We really do need to start talking more about mum anxiety as there are lots and lots of mothers affected by it. Their kids will be indirectly affected too. So, let’s commit to talking more about mum anxiety so we can overcome any kinds of stigma. This will help more women feel that they can reach out to others when they need any extra help and support in their lives.

Anxiety can affect our kids too, and we have a few resources to help then to chat too including:

It has been a pleasure sharing this with you. We hope you liked it, and do subscribe if you did. We send our newsletter out weekly.

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Helen is a mum to two, social media consultant, and website editor; and this site is (we think) the only Social Enterprise parenting magazine! Since giving up being a business analyst when juggling travel, work and kids proved too complicated, she founded KiddyCharts so she could be with her kids, and use those grey cells at the same time. KiddyCharts has reach of over 1.1million across social and the site. The blog works with big family brands (including travel) to help promote their services, as well as offering free resources to parents of kids under 10. It gives 51%+ profits to Reverence for Life, who fund a number of important initiatives in Africa, including bringing running water and basic equipment to a school in Tanzania. Helen has worked as a digital marketing consultant (IDM qualified) with various organisations, including Channel Mum, Truprint, Talk to Mums, and Micro Scooters. She loves to be creative in the brand campaigns she works on. Get in touch TODAY!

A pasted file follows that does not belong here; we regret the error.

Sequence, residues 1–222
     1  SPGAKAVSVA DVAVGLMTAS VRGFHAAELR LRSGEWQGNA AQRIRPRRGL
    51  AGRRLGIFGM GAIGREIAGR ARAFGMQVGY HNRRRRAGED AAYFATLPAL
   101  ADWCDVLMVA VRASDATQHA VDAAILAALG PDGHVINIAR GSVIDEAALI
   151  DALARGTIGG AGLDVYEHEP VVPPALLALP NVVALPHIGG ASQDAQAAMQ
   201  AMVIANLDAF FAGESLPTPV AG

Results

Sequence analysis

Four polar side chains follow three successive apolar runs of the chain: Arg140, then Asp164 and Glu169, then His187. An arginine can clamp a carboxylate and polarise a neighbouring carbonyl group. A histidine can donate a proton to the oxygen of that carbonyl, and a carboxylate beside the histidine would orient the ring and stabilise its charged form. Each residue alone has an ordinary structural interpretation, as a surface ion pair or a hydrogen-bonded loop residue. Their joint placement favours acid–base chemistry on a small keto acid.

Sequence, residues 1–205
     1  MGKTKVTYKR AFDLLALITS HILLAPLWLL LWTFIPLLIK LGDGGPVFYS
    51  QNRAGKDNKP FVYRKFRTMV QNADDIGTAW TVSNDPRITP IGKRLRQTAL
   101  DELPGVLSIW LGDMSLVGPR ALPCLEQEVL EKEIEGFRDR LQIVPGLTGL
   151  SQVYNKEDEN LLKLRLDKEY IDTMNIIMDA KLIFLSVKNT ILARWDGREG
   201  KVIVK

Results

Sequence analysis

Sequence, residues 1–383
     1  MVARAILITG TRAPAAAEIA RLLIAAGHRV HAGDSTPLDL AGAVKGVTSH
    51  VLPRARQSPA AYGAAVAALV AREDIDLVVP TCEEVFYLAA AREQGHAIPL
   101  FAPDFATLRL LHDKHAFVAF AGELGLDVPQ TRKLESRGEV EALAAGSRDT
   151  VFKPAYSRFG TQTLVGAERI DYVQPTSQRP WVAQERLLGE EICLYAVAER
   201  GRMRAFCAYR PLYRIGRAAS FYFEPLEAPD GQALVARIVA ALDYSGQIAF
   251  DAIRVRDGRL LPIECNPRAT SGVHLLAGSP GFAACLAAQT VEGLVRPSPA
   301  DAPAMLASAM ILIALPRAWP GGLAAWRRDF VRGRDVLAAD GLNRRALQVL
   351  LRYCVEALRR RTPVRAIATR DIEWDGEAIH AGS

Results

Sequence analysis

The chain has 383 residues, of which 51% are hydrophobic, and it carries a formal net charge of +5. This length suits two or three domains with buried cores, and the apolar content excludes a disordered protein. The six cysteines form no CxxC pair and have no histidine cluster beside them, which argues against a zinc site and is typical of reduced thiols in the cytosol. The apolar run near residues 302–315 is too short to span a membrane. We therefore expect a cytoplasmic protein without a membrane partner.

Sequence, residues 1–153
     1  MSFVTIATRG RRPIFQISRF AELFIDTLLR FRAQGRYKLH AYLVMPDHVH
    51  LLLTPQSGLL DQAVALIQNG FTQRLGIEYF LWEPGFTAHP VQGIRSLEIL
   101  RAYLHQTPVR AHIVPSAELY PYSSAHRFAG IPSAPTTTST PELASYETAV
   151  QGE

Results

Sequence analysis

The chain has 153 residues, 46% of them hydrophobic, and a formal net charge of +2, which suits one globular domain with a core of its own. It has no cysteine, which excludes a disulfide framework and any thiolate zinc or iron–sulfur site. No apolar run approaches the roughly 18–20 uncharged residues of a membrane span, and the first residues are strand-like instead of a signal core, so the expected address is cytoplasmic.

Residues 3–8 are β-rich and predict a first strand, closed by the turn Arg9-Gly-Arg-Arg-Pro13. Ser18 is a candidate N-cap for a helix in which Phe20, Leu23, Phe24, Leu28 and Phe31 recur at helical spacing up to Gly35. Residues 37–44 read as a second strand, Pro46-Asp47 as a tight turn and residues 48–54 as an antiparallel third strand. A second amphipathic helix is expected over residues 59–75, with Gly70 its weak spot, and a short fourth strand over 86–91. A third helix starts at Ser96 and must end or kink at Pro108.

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Wednesday 22nd of January 2020

I totally agree with this opinion here. No one deserved to go through any mental ill health state alone. Talk to loved ones and seek help. However, I would advise that MOMS shouldn't b the only parent we feel free to talk to, Dads are great too. Open up to them.



Wednesday 22nd of January 2020

Of course - this is a personal perspective - I'm a mum so.... Just as important as a parent to discuss anxiety generally. In fact, CALM is a wonderful organisation here in the UK set up to encourage Men in particular to speak up about their worries and fear and the site is a massive supporter of what they do.